But for annuity payments, taxes on each payment are deferred. No taxes are withheld by the lottery on the annual annuity amounts. Instead, the winner must pay taxes on each payment as they receive it.

Annuity winners face a significant tax management burden. They need to budget for appropriate tax withholding or estimated payments to avoid penalties. This annual taxation should factor into the decision to choose the annuity.

Pros of Powerball Annuity

Choosing the annuity offers some unique advantages:

  • Higher overall payout – Due to investment growth, the annuity ultimately pays out a larger total amount compared to the lump sum.
  • Protects against overspending – Smaller annual payments help prevent wasting winnings compared to a single lump sum.
  • Provides long-term income – Ongoing payments can fund the winner’s needs and desires for life.
  • Tax planning flexibility – Payments are taxed annually based on the winner’s situation that year.

For disciplined winners, the annuity provides substantial advantages in responsible money management and maximizing total prize amount.

Cons of Powerball Annuity

However, the annuity also comes with drawbacks to consider:

  • Delayed access to full winnings – Must wait up to 29 years to receive complete jackpot amount.
  • Loss of investment control – Cannot choose own investments to potentially earn higher returns.
  • Annual tax burden – Paying taxes on payments annually creates an extra management responsibility.
  • No flexibility or control – Cannot change payment amount or timing.

Impatient winners or those who want full control may view the fixed annuity payment schedule as unfavorable compared to the lump sum.

Should You Take the Annuity?

There are good arguments on both sides. Each winner needs to consider their specific situation, priorities and financial discipline.

Younger winners have a case for choosing the annuity to maximize total winnings. But older winners may lean towards the lump sum to access the funds immediately.

Consulting qualified financial advisors can help winners objectively evaluate the pros and cons based on their circumstances. This decision has a huge impact on the winner’s finances and should not be taken lightly.

How to Change Annuity Election

For those who do choose the annuity, they have 60 days after claiming their prize to change their payment election. Powerball winners can switch from annuity to lump sum during this period if they have a change of heart.

To change the election, the winner must submit a written request to the lottery within the 60 day timeframe. Once changed, the choice is final and cannot be changed back to the annuity.

After this period, the annuity election is locked in and the winner must continue receiving their annual payments as scheduled.

In Summary

  • Powerball annuity payments are made over 29 years, with amounts increasing 5% annually.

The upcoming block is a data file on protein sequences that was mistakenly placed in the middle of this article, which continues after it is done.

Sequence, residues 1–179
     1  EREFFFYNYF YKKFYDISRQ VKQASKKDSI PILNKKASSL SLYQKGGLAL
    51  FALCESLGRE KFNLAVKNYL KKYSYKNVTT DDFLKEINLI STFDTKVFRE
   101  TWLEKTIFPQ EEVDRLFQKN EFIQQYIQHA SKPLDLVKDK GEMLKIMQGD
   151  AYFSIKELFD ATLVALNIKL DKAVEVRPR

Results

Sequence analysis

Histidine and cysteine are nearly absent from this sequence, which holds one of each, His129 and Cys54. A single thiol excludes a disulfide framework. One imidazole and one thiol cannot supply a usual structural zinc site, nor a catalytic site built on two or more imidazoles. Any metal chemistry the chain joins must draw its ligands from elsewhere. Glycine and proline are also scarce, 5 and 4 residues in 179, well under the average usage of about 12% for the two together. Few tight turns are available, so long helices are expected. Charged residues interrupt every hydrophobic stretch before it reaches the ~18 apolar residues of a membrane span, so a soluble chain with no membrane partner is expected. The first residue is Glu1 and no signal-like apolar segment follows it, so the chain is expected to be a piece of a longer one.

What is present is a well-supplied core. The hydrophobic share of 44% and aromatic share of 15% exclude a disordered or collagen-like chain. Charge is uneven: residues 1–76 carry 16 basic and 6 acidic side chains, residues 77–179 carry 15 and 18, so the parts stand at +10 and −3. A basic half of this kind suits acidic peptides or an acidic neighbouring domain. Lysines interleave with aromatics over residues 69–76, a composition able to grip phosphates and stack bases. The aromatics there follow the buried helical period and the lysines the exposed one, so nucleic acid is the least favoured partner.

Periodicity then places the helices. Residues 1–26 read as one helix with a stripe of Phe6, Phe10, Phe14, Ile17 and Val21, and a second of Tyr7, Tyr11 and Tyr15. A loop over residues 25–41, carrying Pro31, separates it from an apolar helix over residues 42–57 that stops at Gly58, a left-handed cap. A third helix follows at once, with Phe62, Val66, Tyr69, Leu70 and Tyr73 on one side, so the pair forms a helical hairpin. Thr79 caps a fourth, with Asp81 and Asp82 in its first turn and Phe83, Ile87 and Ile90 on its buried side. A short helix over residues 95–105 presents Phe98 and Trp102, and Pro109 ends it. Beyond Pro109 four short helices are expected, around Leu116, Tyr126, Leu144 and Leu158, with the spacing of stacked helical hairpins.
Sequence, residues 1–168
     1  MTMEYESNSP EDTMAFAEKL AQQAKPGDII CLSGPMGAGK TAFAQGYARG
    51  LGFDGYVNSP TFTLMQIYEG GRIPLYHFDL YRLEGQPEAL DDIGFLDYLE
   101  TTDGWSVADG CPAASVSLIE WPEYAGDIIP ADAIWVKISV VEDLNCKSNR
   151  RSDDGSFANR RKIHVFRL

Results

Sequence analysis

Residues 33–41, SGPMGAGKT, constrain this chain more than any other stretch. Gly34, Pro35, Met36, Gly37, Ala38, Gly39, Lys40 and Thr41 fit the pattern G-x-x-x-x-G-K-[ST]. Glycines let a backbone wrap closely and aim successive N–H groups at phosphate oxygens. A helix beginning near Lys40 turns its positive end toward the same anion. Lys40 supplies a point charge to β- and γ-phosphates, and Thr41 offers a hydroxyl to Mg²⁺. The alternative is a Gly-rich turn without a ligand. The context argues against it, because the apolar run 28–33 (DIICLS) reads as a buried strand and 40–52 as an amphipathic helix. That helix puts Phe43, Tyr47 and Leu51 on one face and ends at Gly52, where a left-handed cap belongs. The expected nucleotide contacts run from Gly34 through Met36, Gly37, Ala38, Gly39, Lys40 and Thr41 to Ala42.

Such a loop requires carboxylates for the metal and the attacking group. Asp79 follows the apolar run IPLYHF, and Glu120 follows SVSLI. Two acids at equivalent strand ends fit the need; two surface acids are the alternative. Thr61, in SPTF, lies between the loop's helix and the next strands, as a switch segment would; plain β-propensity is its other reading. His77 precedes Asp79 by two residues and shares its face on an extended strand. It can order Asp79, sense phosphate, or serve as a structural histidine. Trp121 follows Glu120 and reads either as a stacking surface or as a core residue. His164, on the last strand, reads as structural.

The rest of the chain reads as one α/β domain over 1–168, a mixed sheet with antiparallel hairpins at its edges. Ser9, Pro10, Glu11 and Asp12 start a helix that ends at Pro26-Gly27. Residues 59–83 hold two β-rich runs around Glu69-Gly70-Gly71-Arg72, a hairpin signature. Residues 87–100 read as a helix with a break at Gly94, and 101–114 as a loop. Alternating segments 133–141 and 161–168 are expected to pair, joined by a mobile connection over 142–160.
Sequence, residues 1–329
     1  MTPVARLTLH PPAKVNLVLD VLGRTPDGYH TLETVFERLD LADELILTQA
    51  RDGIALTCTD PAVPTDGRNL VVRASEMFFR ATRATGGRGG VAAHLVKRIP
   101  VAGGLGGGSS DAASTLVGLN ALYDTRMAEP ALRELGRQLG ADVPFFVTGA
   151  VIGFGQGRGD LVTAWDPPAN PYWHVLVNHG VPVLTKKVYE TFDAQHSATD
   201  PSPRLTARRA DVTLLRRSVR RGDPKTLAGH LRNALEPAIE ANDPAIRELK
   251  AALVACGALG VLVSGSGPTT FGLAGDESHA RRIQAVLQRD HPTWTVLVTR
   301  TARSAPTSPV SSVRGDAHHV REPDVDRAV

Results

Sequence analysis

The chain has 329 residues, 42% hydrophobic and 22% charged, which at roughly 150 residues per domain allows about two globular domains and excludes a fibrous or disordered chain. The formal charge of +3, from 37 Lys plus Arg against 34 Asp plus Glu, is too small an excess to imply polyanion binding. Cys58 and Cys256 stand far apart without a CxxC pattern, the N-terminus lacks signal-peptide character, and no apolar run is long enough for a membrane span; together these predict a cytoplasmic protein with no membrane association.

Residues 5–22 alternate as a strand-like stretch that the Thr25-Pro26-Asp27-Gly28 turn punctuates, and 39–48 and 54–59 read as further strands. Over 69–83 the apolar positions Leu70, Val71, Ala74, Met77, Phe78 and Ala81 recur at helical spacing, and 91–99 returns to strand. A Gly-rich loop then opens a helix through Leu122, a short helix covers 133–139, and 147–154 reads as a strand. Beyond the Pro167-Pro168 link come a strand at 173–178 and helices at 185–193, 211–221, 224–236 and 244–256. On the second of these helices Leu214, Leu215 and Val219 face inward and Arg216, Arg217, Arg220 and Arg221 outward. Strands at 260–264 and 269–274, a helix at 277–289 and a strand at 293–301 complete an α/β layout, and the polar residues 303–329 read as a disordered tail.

• Younger winners are likely to receive all payments, older winners fewer based on life expectancy.
  • Annuity offers discipline and highest total payout. Lump sum provides control and immediate access.
  • Each winner must evaluate their specific situation to determine the best payment option.
  • The annuity election can be changed to lump sum in the first 60 days after claiming the prize.

The Powerball annuity provides a disciplined way to receive a larger total jackpot amount over an extended period. But it requires giving up flexibility and control. Weighing these factors carefully based on personal circumstances allows winners to make the best financial decision.

Frequently Asked Questions

Can you receive a portion of the jackpot as a lump sum and the remainder as an annuity?

No, Powerball winners must choose one payment election for the entire jackpot amount. The prize can only be taken as either a full lump sum or a full annuity schedule.

What happens if Powerball goes bankrupt – will annuity payments stop?

Powerball annuity payments are very secure. The lottery purchases government bonds to fund the payments and states guarantee the annuity obligation. So even if the lottery has financial problems, annuity winners would still receive their full payments.

Can the annual payment amounts be changed once the annuity begins?

No, the annuity payment schedule including the annual increases is fixed once payments begin. The winner cannot make changes to the payment amounts or timing.

Are annuity payments protected from the winner’s creditors or lawsuits?

No, creditors and judgements against a lottery annuity winner can potentially make claims on annual payments. Annuities do not provide legal protections like trusts.

What happens if a Powerball annuity winner dies with no designated beneficiary?

If no beneficiary is named, remaining annuity payments would go to the winner’s estate. This can involve a lengthy legal process before heirs receive any funds.


The Powerball annuity offers some tantalizing advantages of higher payouts and forced financial discipline. But winners need to weigh these carefully against the drawbacks of reduced flexibility and control. Consulting experts, evaluating personal priorities, and considering factors like age and life expectancy allow winners to make fully informed decisions about their best payment options.

For players still chasing that elusive jackpot, the choice between cash and annuity may seem abstract. But winners who beat the odds know this decision can greatly shape their lifelong enjoyment of their prize. By thoroughly understanding the trade-offs, Powerball victors put themselves in the best position to make the optimal financial move.